Edited James A. Harrison and Robert Sharp.
edition is, so far as they were able to make it so, an adaptation, correction, and extension of the work of the great German scholar to whose loving appreciation of the Anglo-Saxon epic all students of Old English owe a debt of gratitude. While following his usually sure and cautious guidance, and in the main appropriating his results, they have thought it best to deviate from him in the manner above indicated, whenever it seemed that he was wrong. The careful reader will notice at once the marks of interrogation which point out these deviations, or which introduce a point of view illustrative of, or supplementary to, the one given by the German editor. No doubt the editors are wrong themselves in many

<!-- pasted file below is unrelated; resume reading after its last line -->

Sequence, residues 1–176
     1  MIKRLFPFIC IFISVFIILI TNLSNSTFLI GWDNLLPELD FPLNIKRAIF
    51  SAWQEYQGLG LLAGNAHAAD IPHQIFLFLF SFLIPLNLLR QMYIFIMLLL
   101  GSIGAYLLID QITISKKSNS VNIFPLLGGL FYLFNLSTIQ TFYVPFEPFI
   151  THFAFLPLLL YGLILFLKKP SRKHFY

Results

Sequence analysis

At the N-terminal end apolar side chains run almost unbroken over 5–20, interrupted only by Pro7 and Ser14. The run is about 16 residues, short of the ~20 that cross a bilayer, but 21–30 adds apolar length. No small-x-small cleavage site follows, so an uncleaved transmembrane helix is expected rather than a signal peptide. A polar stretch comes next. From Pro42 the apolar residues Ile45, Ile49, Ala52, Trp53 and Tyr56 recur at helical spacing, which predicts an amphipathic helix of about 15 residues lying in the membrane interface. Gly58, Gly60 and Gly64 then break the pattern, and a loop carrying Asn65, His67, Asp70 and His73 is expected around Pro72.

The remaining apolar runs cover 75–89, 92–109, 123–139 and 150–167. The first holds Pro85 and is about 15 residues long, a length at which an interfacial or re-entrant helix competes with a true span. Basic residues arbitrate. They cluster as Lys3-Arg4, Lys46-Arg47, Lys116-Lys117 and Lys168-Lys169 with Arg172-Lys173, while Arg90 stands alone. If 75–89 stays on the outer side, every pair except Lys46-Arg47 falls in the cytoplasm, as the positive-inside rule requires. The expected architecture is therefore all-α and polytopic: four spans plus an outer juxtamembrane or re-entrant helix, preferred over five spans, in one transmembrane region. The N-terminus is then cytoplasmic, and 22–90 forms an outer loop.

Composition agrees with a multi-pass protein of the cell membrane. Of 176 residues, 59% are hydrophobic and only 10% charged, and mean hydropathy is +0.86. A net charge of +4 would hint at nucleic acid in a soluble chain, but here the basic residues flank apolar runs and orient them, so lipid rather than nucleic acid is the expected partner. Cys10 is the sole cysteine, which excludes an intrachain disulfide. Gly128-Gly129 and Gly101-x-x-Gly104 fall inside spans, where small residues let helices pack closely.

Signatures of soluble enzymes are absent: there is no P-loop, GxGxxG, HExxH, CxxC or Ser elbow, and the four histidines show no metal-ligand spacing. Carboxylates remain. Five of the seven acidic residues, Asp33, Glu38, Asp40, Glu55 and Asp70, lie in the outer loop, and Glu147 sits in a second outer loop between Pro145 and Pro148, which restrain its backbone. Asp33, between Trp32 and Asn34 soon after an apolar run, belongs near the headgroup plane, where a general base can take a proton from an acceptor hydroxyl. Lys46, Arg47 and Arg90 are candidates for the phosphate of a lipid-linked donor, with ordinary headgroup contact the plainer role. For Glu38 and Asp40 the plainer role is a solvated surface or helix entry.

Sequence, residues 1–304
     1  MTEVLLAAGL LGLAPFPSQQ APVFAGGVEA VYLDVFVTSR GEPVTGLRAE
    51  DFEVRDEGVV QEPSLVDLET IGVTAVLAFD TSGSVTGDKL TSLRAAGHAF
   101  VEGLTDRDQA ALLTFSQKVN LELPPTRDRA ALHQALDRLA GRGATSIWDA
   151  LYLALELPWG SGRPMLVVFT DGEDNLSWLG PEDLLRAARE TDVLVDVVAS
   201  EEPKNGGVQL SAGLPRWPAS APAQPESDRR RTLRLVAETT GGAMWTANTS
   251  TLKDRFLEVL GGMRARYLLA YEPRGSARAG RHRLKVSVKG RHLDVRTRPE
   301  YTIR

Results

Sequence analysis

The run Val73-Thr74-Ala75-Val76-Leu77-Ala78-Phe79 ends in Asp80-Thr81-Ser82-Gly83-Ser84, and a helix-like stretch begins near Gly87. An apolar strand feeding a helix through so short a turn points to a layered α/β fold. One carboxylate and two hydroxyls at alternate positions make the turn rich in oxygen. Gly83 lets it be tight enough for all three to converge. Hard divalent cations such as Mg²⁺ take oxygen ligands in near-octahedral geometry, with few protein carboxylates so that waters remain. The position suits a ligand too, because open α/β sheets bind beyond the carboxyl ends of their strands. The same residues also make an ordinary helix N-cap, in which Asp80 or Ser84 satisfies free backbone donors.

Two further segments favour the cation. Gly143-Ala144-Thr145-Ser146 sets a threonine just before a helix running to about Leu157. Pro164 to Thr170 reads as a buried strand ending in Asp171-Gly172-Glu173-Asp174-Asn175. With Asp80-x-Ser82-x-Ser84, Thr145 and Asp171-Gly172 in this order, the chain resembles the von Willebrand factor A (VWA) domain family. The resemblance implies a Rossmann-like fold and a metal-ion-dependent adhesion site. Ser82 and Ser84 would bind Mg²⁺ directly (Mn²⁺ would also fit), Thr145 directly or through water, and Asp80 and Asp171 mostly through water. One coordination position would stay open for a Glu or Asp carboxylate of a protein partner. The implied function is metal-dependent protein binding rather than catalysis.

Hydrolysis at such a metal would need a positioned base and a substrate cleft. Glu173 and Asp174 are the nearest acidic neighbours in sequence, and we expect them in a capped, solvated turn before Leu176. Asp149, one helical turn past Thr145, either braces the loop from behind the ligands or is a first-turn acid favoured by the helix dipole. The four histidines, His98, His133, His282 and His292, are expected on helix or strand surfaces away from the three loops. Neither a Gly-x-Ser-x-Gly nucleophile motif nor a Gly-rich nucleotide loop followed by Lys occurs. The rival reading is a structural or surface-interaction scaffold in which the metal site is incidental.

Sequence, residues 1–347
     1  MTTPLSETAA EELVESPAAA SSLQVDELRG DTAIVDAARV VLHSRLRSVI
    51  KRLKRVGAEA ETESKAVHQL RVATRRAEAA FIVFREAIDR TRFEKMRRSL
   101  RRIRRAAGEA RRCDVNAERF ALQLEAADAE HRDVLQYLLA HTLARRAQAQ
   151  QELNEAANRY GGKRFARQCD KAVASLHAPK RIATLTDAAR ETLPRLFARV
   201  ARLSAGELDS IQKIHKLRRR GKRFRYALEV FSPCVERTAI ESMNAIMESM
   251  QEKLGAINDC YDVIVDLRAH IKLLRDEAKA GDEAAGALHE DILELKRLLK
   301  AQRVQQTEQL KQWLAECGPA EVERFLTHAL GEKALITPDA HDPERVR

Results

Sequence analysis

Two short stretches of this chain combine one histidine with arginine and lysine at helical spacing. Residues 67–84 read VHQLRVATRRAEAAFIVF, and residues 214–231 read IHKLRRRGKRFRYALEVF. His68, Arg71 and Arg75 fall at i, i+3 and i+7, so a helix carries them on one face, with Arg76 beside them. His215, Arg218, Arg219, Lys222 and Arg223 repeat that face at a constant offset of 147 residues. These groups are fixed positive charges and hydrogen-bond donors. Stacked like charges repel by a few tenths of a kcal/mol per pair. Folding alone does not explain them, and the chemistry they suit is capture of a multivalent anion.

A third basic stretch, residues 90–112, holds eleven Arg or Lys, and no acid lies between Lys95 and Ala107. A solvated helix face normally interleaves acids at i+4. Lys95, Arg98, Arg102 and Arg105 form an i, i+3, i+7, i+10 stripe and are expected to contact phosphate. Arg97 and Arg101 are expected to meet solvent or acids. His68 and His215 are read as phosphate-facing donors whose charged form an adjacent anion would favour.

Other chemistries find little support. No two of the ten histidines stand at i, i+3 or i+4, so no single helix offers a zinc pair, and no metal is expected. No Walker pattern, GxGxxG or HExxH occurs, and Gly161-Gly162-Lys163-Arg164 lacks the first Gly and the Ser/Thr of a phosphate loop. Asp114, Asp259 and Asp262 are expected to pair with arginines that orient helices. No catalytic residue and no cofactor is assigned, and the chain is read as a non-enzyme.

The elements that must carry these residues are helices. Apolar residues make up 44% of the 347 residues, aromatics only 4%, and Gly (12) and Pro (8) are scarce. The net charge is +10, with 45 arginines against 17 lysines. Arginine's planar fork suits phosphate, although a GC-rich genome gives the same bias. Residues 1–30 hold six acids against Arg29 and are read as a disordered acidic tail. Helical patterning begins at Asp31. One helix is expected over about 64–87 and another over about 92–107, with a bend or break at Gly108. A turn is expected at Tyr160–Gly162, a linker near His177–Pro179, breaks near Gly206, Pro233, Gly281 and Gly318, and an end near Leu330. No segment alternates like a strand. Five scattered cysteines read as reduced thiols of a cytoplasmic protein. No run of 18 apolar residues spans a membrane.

places,--"Beówulf" is a most difficult poem,--but their view may at least be defended by a reference to the original text, which they have faithfully and constantly consulted.
A good many cognate Modern English words have been introduced here and there in the Glossary with a view to illustrat